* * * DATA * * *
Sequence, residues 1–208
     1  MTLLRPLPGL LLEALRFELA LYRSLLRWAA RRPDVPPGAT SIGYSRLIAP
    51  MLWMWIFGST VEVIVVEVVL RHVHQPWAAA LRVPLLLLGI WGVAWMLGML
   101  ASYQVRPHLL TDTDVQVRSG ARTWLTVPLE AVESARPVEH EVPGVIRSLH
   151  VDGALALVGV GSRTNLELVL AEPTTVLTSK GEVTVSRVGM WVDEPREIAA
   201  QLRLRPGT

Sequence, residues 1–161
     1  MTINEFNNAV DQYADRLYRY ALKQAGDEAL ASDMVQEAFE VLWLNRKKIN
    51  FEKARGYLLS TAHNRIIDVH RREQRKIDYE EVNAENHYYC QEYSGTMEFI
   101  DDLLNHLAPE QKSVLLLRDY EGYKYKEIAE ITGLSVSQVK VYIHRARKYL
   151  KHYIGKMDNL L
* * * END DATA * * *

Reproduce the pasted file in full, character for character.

Sequence, residues 1–208
     1  MTLLRPLPGL LLEALRFELA LYRSLLRWAA RRPDVPPGAT SIGYSRLIAP
    51  MLWMWIFGST VEVIVVEVVL RHVHQPWAAA LRVPLLLLGI WGVAWMLGML
   101  ASYQVRPHLL TDTDVQVRSG ARTWLTVPLE AVESARPVEH EVPGVIRSLH
   151  VDGALALVGV GSRTNLELVL AEPTTVLTSK GEVTVSRVGM WVDEPREIAA
   201  QLRLRPGT

Sequence, residues 1–161
     1  MTINEFNNAV DQYADRLYRY ALKQAGDEAL ASDMVQEAFE VLWLNRKKIN
    51  FEKARGYLLS TAHNRIIDVH RREQRKIDYE EVNAENHYYC QEYSGTMEFI
   101  DDLLNHLAPE QKSVLLLRDY EGYKYKEIAE ITGLSVSQVK VYIHRARKYL
   151  KHYIGKMDNL L